“In Ice Cream: A Global History, the author traces the cold treat’s long journey from an Italian delicacy for the privileged in the 17th century to a mainstream staple whose popularity boomed in America in the mid-1900s. Weiss, a food and travel journalist who attended Simmons College, chose the subject despite having an ice cream allergy for much of her childhood. ‘Sometimes you are attracted to the things you were denied as a child,’ she says. ‘The day the doctor told me I could finally eat ice cream was a red letter day for me. My mother gave me a spoonful of vanilla, which I can taste to this day.’”—Boston Globe
Ice Creamby Laura Weiss
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?Ice Cream: A Global History takes the reader on a vibrant trip through ice cream history, stretching from ancient China to modern-day Tokyo. As befits a food so strongly identified with celebration, the story of ice cream is a lively one - food and travel journalist Laura B. Weiss examines how this delicious indulgence became a global sensation. Ice Cream tells of chimpanzees wooed with ice cream cones, humour-loving World War ii German diplomats, and sundaes with names such as 'Moonlight on the Ganges' and 'Sweetheart Lovey-Dovey Supreme'. The account is populated by Chinese emperors, English kings, former slaves, women inventors, shrewd entrepreneurs, Italian immigrant hokey-pokey ice cream vendors and gourmand American First Ladies. Today American brands dominate the world ice cream market, but vibrant ice cultures like Italy's continue to thrive, and new ones, like Japan's, flourish through unique homegrown twists to the beloved treat.
“In her fascinating new book, Ice Cream: A Global History, author Laura B. Weiss takes us on a journey from ice cream’s beginnings in ancient China to its present day evolution into an artisanal offering. Nestled throughout the book are fun factoids. . . . Weiss even discovers that there is one thing the Arabs and Israelis agree on: their love for ice cream.”—Dessert Professional
“Ice Cream: A Global History . . . look[s] back at ice cream’s enduring appeal to people around the globe—from George Washington''s ice cream cravings to today''s upwardly mobile Chinese—and celebrates the enormous popularity of a beloved treat that never goes out of style. It’s a MUST read this summer . . . with ice-cream in-hand of course! :)”—Food Network Magazine.com
“An informative and lighthearted book about ice cream of all varieties. The book is slender to the hand, but packed with history, facts, and stories.”—In Mama''s Kitchen
“Laura Weiss paints a compelling portrait of everyone s favorite dessert. She traces the transition of ice cream from a luxury reserved for the wealthy to an everyday treat accessible to the masses, while never allowing history to obscure a sense of pure pleasure.”—Palm Beach Illustrated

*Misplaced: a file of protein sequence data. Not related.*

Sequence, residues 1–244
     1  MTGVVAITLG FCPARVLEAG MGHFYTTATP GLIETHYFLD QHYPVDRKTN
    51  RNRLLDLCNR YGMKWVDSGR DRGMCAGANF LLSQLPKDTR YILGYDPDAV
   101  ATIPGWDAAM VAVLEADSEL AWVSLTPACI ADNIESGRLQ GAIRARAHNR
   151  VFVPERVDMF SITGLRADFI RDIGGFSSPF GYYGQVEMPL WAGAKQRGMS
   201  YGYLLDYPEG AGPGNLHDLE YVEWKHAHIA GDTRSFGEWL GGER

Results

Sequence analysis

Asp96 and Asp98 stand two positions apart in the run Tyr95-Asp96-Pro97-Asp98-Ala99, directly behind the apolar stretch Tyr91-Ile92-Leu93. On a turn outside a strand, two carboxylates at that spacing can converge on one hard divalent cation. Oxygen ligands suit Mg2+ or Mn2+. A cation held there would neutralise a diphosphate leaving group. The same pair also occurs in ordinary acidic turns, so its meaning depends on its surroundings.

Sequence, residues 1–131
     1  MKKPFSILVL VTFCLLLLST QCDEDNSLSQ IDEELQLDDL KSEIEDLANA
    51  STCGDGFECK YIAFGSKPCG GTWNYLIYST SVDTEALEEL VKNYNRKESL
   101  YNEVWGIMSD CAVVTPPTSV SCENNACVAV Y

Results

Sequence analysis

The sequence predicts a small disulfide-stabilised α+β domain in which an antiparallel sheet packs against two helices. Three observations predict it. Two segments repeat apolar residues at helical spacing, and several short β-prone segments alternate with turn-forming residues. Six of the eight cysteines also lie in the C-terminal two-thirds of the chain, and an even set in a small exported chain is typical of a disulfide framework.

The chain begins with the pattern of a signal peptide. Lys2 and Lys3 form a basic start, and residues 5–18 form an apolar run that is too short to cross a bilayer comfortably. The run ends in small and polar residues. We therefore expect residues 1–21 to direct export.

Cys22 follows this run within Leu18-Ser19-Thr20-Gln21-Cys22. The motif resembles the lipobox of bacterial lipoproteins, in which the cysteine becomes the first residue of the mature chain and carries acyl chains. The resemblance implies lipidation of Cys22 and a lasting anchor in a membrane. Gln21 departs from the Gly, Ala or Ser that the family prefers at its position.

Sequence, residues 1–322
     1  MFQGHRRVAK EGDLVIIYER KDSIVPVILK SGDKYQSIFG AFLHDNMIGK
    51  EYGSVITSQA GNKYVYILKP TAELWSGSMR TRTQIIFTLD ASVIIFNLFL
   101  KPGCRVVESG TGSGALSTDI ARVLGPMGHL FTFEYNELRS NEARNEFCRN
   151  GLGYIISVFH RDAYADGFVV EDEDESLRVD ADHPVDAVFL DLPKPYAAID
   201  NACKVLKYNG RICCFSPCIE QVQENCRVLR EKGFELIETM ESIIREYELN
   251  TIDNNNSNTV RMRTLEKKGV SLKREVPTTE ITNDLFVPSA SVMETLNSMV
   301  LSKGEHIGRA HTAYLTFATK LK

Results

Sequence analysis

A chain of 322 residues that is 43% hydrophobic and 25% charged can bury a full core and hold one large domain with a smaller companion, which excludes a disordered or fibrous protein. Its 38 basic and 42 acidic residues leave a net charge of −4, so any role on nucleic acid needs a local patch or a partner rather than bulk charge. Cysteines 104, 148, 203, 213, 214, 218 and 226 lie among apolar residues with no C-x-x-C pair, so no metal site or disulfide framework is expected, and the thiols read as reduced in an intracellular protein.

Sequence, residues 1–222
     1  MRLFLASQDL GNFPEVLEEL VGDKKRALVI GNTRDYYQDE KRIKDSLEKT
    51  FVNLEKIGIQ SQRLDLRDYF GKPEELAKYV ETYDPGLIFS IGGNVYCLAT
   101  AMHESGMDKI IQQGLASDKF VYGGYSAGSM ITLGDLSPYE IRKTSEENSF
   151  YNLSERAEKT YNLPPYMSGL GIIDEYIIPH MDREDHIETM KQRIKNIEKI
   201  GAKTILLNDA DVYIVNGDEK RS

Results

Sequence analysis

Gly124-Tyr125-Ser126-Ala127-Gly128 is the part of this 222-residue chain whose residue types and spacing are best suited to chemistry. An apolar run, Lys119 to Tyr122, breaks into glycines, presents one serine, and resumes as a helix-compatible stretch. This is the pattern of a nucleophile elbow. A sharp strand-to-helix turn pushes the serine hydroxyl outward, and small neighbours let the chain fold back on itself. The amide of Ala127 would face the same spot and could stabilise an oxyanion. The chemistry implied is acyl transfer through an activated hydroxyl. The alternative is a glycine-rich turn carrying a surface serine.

“We are quite taken with the short but engagingly readable Edibles series of handsome little books on basic, well, edibles, as in the cultural and global history of one type of food or beverage. Originating in England from Reaktion Books but written by foodie journalists or food science academics on both sides of the Atlantic, these spritely, much-illustrated books are a peruser’s delight.”—Toronto Star
“In Ice Cream: A Global History, food writer Laura B. Weiss tells the fascinating story of a popular, mass-produced frozen treat that began life thousands of years ago as the dessert of kings. Ice, hauled down from the mountains and stored in ice houses, formed the base of sweetened ‘sherbets’ for ancient Persian rulers.”—Wall Street Journal
“A fun, smartly written series appropriate for a popular audience that likes to eat . . . the Edible series books provide level-headed and enjoyable overviews of food culture . . . These will create a little library that any foodie will be proud to show off . . . aesthetically pleasing volumes with decent content that would make good presents.”—Winterthur Portfolio, on the Edible series
Meet the Author
Laura Weiss is a professor of journalism at New York University and a freelance author, specializing in food, travel, and lifestyle. Her writings have appeared in the New York Times, New York Daily News, Travel + Leisure, Edible Brooklyn, and on Foodnetwork.com. She blogs about food and society for the Huffington Post and is editor of foodandthings.com. She was a reporter for Congressional Quarterly, a writer for Time’s school edition, and a director at AOL.
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